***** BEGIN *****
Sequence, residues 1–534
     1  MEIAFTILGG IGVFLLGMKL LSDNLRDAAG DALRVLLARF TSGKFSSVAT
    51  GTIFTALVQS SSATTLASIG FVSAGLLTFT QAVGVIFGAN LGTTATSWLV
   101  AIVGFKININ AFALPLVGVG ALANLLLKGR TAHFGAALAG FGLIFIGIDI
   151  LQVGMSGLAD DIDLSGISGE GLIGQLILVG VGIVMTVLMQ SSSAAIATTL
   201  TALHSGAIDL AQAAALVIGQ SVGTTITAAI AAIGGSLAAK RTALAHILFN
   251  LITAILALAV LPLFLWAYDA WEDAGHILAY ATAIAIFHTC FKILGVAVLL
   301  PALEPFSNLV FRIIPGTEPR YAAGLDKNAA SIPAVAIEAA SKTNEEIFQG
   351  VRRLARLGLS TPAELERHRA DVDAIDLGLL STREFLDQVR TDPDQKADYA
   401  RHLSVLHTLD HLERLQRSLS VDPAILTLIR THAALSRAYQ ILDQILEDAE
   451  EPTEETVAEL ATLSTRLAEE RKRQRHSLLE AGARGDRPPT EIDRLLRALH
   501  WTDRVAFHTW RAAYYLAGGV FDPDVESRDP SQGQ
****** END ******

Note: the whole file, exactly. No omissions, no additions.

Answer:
Sequence, residues 1–534
     1  MEIAFTILGG IGVFLLGMKL LSDNLRDAAG DALRVLLARF TSGKFSSVAT
    51  GTIFTALVQS SSATTLASIG FVSAGLLTFT QAVGVIFGAN LGTTATSWLV
   101  AIVGFKININ AFALPLVGVG ALANLLLKGR TAHFGAALAG FGLIFIGIDI
   151  LQVGMSGLAD DIDLSGISGE GLIGQLILVG VGIVMTVLMQ SSSAAIATTL
   201  TALHSGAIDL AQAAALVIGQ SVGTTITAAI AAIGGSLAAK RTALAHILFN
   251  LITAILALAV LPLFLWAYDA WEDAGHILAY ATAIAIFHTC FKILGVAVLL
   301  PALEPFSNLV FRIIPGTEPR YAAGLDKNAA SIPAVAIEAA SKTNEEIFQG
   351  VRRLARLGLS TPAELERHRA DVDAIDLGLL STREFLDQVR TDPDQKADYA
   401  RHLSVLHTLD HLERLQRSLS VDPAILTLIR THAALSRAYQ ILDQILEDAE
   451  EPTEETVAEL ATLSTRLAEE RKRQRHSLLE AGARGDRPPT EIDRLLRALH
   501  WTDRVAFHTW RAAYYLAGGV FDPDVESRDP SQGQ